Luke and Anna's time in Garra Nalla is defined in part by the local birds, a symbol of new life and the possibility of change. The novel opens with an explanation of Luke's new and surprising interest in bird-watching. This immediately establishes a link between birds and the novel's themes of change and personal growth. The trend continues when Luke and Anna begin bird-watching together shortly after moving out of the city. They're excited and proud to learn to identify the local bird species, as it makes them feel like they truly belong in their new, rural home. In other words, the birds have become a symbol of positive change in their lives. Possibly the most significant example of this idea is the strange, owl-like bird that Luke encounters on his way home from a walk one evening. The bird stares at him while he stares back, and this experience fills him with a sense of awe and unexpected happiness.
But these feelings are turned on their head towards the end of the novel, when Luke finds the same bird dead on his floor. He's surprisingly upset over this discovery, but it's not really the bird he's mourning. The sight of the dead bird reminds Luke of Anna's miscarriage not long ago. If the local birds represent positive change, the dead owl-like bird embodies a potential change that was thwarted and never came to pass. However, the sight of this bird forces Luke to face the feelings he's been trying to avoid. This ultimately causes the most important change in the novel: Luke and Anna coming to terms with their grief over the miscarriage. The unexpected return of the swans in the lagoon at the end of the novel reflects the couple's newfound sense of peace. As the swans return, the novel's symbolism implies that Luke and Anna have finally changed for the better.
Birds Quotes in Vertigo
But now, at the age of thirty-four, he has taken to bird-watching. It’s true he might once have laughed at this, but since then much has changed.
There is no time: time is a loop of endless return, a return to this moment, which is not strange but a coming home, and it does not occur to him to ask where this home is because he is simply there, he is in it; this silent space of euphoric emptiness. And for the rest of his walk home he is elated. He has never been happier; pointlessly, mindlessly happy.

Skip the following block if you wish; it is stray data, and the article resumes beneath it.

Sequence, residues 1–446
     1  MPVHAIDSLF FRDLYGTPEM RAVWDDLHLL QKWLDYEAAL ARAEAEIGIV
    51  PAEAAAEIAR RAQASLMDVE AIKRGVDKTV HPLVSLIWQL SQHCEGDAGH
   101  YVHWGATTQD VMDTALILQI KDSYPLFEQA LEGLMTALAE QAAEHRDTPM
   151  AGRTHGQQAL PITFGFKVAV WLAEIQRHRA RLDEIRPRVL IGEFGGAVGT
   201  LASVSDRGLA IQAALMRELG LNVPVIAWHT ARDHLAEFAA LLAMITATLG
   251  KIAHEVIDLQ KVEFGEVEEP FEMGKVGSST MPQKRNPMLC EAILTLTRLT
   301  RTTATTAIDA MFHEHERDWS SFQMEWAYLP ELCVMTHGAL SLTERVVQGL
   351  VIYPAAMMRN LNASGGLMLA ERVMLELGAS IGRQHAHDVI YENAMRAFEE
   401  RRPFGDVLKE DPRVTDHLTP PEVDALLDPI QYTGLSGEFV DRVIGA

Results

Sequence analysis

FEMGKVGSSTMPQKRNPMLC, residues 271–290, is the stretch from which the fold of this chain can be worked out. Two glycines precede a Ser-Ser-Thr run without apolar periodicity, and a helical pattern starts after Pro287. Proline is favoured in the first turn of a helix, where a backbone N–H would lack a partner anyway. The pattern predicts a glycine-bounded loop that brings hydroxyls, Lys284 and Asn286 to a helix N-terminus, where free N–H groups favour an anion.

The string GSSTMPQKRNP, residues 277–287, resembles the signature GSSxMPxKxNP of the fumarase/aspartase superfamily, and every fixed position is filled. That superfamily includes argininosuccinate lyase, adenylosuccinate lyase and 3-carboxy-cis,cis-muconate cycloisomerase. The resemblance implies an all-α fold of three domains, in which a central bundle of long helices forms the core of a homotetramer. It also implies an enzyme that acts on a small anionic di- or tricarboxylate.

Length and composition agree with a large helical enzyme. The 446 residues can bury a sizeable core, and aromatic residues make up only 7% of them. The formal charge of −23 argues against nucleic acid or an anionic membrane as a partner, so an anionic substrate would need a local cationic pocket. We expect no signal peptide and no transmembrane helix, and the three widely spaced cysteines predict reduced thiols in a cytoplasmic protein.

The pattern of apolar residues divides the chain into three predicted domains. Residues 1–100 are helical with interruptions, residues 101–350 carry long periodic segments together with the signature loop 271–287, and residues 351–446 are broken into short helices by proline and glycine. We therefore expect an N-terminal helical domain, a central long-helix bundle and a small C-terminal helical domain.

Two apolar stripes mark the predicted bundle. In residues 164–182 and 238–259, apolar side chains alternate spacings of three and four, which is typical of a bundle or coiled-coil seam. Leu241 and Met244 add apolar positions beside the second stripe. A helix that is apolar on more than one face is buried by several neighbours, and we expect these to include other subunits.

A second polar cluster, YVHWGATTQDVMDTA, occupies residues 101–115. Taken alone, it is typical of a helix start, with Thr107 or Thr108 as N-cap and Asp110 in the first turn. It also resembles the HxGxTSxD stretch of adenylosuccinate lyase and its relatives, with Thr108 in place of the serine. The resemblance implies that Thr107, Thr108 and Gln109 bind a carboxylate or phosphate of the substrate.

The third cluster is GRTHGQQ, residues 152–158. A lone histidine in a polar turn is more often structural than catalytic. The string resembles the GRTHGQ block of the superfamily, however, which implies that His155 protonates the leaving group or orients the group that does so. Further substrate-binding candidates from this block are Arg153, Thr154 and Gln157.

Alan is standing at the edge of the grassy path, beside the body of a dead swan. It appears to have flown into the wires overhead and been electrocuted, and not all that long ago since there is no sign of it having been set upon by crows. It’s a deflating sight: the twisted black carcass, the slash of white feather down its middle, the broken neck splayed at a right angle, the crimson beak lying bright against the sandy stubble of the track.
Damn Luke, damn his stupid ideas. All he has succeeded in doing is creating a situation where she doesn’t feel at home anywhere. Now she belongs in neither place, like some migratory bird that has lost its bearings. But the most disturbing thing is this: here in the city there has been no sign of the boy.
‘In the middle of a bloody drought!’ fumes Gil. ‘It’ll be a fire hazard for one thing. And I’ll tell you another thing. It’ll suck up all the water out of the water table and eventually out of the lagoon. In five years’ time that lagoon will be a bloody mudflat. Them swans’ll have to find somewhere else to breed.’
‘Oh no,’ he sighs, “that’s the bird. That’s the one I told you about, the bird in the banksia tree.’
‘Are you sure?’ Anna stares at the stiff form on the mat. He must be mistaken. It can’t be that bird. This is just a common wattlebird, one of the predators of the garden, no loss to anyone.
‘Yes, that’s it! That’s the bird. Wouldn’t I know it?’
She looks at him in exasperation, amazed to see that he is distraught.